Articles Tagged with “death

We all know that the services provided by homemakers have a substantial value, but this article from Vestopedia puts some numbers on it.

The author notes that "

The life of a homemaker is one that includes an endless amount of demands and to-dos. Depending on the size of the home and family, the position of homemaker can go well beyond the usual nine to five. We examined some of the tasks that a homemaker might do to find out how much his or her services would net as individual professional careers. We only take into consideration tasks which have monetary values and use the lowest value for each calculation.

I file lawsuits for a living.  Thus, I understand that reasonable minds often differ about whether there is liability in a given situation, often because there is a dispute about the facts.  I also understand the idea of pushing the legal envelope – of attempting to expand the law to create a cause of action that will advance the overall cause of justice.

But a recent  lawsuit threw me for a loop.  David Carradine’s widow has apparently sued the French production company that was handling the actor’s last film, alleging that Mr. Carradine would still be alive if he had not been left in the hotel alone the night of his death.

Mr. Carradine was  was found dead on June 4, 2009 in his Bangkok hotel room —  a likely victim of auto-erotic asphyxia.  Allegedly, there is a  photo of Carradine  (published by a Thai tabloid) which shows a body suspended from a bar in a closet, with his hands bound together above his head. Carradine’s genitals were also tied.  It is reported that the  family hired a doctor to do a private autopsy and determined that the cause of death was accidental asphyxiation.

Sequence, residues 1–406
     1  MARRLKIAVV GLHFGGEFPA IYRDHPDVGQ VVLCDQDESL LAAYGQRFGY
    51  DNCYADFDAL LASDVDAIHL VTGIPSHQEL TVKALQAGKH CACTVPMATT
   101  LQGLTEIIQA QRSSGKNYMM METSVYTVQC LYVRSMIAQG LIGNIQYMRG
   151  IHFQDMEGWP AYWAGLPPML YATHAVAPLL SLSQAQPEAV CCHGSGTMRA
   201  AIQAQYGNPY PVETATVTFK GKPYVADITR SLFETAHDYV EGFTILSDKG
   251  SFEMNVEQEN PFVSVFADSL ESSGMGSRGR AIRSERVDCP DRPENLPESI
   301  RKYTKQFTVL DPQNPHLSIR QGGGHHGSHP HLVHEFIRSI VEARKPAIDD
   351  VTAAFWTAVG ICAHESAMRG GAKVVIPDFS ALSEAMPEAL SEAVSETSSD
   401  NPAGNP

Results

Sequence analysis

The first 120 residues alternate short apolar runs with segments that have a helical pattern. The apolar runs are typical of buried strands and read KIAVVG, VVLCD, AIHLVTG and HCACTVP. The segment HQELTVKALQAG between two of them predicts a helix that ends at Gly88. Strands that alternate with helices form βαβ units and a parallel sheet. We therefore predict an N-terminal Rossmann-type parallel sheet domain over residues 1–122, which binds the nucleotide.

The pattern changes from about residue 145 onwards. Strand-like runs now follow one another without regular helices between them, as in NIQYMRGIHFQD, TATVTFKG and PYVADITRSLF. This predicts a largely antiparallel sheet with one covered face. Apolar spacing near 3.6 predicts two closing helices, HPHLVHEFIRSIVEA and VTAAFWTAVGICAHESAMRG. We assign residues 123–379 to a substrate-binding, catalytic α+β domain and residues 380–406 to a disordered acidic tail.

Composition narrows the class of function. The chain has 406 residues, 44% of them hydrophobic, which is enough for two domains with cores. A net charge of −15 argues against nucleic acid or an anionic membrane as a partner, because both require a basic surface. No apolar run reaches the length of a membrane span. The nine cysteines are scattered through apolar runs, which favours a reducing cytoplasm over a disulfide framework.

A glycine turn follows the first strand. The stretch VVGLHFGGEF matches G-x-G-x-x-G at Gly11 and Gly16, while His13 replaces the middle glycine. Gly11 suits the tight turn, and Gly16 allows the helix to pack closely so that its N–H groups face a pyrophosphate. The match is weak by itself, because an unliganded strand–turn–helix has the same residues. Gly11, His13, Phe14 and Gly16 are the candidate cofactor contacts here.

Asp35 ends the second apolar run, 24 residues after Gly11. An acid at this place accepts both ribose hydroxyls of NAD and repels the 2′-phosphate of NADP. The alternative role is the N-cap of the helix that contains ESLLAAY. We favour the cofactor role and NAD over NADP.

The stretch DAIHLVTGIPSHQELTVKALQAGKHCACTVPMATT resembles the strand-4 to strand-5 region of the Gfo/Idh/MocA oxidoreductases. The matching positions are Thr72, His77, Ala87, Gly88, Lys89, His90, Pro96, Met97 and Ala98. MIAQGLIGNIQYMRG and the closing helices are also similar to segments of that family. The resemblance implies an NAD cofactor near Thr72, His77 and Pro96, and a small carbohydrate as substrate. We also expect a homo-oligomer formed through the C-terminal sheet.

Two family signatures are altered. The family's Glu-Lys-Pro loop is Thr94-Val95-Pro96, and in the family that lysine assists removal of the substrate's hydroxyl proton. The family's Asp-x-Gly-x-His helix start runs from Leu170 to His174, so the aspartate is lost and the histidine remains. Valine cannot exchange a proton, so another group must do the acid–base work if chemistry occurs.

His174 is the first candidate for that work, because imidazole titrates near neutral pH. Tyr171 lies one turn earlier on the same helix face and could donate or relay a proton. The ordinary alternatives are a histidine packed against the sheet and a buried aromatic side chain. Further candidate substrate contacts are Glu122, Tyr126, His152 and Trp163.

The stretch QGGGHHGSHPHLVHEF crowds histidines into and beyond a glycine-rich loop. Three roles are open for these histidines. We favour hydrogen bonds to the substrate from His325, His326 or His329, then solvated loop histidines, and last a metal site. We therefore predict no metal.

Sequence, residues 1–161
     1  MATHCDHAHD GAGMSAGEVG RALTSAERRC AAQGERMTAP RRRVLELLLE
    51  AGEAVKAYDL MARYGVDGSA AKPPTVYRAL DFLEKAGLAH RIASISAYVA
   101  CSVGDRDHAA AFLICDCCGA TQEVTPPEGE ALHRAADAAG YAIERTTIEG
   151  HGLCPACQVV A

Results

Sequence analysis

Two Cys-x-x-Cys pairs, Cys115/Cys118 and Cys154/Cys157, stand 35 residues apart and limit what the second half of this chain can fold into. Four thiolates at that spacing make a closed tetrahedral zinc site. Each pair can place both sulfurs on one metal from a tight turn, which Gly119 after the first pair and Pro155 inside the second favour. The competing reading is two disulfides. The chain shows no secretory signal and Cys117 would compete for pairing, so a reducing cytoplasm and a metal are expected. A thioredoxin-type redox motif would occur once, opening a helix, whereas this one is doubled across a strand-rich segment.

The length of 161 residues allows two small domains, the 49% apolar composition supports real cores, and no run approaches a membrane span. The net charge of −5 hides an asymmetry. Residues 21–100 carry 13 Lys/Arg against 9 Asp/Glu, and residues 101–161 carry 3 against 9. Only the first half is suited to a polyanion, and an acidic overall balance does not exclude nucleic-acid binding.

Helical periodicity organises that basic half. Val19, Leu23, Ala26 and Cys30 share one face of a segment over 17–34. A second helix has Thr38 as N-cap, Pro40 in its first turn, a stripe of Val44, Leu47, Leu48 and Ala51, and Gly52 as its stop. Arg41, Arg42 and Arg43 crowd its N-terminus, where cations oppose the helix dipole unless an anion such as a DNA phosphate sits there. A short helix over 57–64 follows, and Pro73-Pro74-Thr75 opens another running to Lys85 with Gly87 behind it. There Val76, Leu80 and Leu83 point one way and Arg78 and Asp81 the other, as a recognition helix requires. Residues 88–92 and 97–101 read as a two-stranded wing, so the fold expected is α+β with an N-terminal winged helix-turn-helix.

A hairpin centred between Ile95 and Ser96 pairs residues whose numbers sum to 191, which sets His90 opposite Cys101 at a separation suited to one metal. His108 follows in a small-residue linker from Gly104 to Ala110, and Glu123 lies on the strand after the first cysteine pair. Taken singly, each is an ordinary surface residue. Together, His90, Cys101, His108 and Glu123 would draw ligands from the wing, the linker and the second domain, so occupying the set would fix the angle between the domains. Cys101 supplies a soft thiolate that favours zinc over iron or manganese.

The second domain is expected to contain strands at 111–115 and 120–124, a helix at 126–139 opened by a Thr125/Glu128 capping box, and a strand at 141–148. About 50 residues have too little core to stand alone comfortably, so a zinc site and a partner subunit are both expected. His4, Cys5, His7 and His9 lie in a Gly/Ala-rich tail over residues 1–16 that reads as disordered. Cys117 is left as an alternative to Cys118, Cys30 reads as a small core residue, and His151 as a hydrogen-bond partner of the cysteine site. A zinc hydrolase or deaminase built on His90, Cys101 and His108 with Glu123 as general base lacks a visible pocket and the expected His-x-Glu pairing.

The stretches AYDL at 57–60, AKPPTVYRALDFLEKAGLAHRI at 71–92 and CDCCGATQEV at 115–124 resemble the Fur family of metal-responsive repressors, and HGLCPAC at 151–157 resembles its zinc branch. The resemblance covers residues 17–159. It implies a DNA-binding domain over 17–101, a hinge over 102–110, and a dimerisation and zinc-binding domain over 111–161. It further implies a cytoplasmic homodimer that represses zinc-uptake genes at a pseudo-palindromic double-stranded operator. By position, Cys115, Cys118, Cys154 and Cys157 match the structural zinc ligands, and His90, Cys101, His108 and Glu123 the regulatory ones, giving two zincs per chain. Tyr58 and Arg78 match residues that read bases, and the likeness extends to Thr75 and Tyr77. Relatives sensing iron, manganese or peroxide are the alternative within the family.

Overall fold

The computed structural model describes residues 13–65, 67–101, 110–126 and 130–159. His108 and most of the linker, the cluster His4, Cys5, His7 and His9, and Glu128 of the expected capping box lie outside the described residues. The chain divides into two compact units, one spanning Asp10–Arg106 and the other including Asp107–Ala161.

The Tennessee Attorney General’s Office has issued an Opinion that provides that "Tenn. Code Ann. § 65-12-108 does not require a train engine operator to blow a train’s whistle or horn before crossing a private drive.  Tenn. Code Ann. § 65-12-108 only requires that a train engine operator blow a whistle or horn at public railway crossings."

The Opinion references a recent decision from the federal court in East Tennessee:

In Artrip v. Norfolk Southern Railway Company, No. 2:08-CV-200, 2009 WL 152482
(E.D. Tenn. Jan. 22, 2009), the United States District Court for the Eastern District of Tennessee relied on Tennessee state law in holding that there is no requirement for a train engineer to sound a whistle when approaching a private railroad crossing. In Artrip, the plaintiff brought a claim against Norfolk Southern Railway Company after the decedent was struck and killed at a private railroad crossing in Sullivan County, Tennessee. Id. at *1. The plaintiff alleged that the train operator’s failure to sound a whistle warning before crossing the private drive was an act of negligence. Id. at *3. However, the District Court found no merit in plaintiff’s allegations of negligence, concluding that “although the locomotive did not blow its whistle, there was no requirement that it do so at a private crossing.” Id. at *13 (citing 49 C.F.R. § 222.25 and Tenn. Code Ann. § 65-12-108(1)). Summary judgment was granted in favor of the train operator, and the plaintiff’s claims were dismissed. Id. at *15.

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